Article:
a review of
Fugitive Days: A Memoir by Bill Ayers. 2001, Beacon Press. 289 pages.
For activists born after the Vietnam War, the common folklore of the 1960s and ’70s usually centers around Woodstock, Jimi and Janis, flower children, going back to the land, and burning draft cards. We certainly don’t learn about the militant resistance movements from popular media or in American high schools.
So, after seeing the Weather Underground at an independent film festival, I was excited by the courage of these revolutionaries, angered at my lack of education, and convinced that the rest of the peace movement did not go far enough.
Why weren’t people still talking about these tightly organized activists who carried out approximately 25 bombings of government buildings without harming civilians? Questions like this and my personal appetite for radical history led me to Fugitive Days by Bill Ayers.
Rather than quote Castro and Marx as the collective did in their 1974 manifesto Prairie Fire, Ayers’ beautifully written book reads like fiction, larger than life. The author lovingly describes his cast of characters, inviting readers to form an intimate relationship with the likes of Bernadine Dohrn and the late Diana Oughton.
Ayers is unapologetic and honest, especially in the disclaimeresque introduction, where he admits “memory is a motherfucker.” This is the truth as he recalls it, not necessarily as it happened. Days takes readers on a frenetic journey from Ayers’ middle class upbringing in the naive nuclear family of the 1950s to his rejection of race and class privilege as an activist in the late 1960s.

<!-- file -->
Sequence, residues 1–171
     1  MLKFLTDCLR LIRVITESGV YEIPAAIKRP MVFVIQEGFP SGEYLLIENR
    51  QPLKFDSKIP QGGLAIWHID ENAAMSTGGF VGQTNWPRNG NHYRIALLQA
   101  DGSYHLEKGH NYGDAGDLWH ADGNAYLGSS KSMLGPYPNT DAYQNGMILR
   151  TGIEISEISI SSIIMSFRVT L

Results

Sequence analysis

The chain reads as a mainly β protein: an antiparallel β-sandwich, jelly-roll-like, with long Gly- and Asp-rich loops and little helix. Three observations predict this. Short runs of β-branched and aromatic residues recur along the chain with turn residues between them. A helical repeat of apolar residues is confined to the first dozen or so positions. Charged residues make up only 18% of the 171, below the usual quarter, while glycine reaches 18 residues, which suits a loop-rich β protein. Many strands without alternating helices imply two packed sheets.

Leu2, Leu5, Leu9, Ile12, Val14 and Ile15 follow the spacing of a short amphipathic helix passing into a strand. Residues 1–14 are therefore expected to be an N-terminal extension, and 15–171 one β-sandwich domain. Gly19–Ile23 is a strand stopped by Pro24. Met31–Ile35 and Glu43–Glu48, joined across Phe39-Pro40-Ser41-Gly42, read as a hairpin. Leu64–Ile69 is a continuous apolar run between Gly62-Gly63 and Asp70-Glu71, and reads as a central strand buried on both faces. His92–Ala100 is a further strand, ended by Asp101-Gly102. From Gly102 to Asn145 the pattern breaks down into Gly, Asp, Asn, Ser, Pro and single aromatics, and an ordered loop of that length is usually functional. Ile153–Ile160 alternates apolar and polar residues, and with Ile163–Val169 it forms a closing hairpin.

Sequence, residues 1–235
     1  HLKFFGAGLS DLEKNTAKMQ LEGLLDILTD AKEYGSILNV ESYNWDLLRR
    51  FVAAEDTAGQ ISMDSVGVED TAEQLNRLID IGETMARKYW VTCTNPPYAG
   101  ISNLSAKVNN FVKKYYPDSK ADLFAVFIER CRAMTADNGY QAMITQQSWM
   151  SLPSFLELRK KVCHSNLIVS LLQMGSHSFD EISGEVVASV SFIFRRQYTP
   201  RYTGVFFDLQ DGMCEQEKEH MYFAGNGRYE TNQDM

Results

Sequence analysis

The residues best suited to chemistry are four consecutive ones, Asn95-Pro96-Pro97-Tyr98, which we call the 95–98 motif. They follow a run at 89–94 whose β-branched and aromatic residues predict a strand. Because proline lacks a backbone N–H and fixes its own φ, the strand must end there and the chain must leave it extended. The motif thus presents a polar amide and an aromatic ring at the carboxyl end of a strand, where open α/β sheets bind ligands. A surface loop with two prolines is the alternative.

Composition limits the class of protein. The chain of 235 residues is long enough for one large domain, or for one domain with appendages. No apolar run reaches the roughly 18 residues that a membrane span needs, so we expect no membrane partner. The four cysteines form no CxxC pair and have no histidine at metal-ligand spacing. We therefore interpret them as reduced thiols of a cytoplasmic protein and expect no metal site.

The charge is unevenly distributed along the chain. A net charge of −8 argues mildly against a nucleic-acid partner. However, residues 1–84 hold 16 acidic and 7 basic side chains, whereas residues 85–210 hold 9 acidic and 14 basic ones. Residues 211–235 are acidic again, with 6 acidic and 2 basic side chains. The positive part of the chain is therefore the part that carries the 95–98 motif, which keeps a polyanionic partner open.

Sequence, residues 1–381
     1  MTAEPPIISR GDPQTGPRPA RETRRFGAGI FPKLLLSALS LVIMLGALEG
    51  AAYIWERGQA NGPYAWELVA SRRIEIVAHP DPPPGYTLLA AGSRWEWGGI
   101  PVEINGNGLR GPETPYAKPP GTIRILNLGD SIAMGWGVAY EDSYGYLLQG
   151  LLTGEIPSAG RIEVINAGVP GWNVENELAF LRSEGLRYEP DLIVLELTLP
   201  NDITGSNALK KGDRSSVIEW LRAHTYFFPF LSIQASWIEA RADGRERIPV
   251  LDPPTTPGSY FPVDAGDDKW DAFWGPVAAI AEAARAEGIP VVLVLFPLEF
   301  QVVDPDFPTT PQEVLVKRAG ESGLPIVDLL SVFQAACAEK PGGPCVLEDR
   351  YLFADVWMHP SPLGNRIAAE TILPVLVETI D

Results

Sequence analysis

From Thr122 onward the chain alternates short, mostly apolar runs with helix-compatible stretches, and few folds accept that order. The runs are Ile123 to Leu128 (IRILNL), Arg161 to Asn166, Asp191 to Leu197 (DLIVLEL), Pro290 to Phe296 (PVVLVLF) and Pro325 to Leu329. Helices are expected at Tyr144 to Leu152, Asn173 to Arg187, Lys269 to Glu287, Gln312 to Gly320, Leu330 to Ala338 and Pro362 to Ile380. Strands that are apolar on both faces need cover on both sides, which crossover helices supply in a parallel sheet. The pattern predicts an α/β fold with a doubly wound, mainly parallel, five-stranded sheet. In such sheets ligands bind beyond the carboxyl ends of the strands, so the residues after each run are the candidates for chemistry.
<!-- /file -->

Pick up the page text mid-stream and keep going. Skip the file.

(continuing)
Ayers and his peers grew steadily impatient with the inadequacies of the peace movement. When the Students for a Democratic Society dissolved, the Weather Underground ditched the old leftist mold for a more radical approach.
Ayers details the events and breaking points as the reader is driven with him to madness at the atrocities of US imperialism in Vietnam. Not content to sit back, they began a rigorous, boot-camp style training program. As the story unfolded, I felt like I was right there with them, cheering on their victories and mourning their losses.
The reader learns tricks for survival in life underground—the switchbacks, vehicle changes, and the painstaking process of building new identities. Throughout the text, Ayers’ motives and passions are heartfelt. It’s hard to imagine living through those turbulent times and not carrying out similar actions.
While the Weather Underground’s tactics are debatable, careful readers would be hard pressed to argue against the sheer beauty and loving delivery of the writing.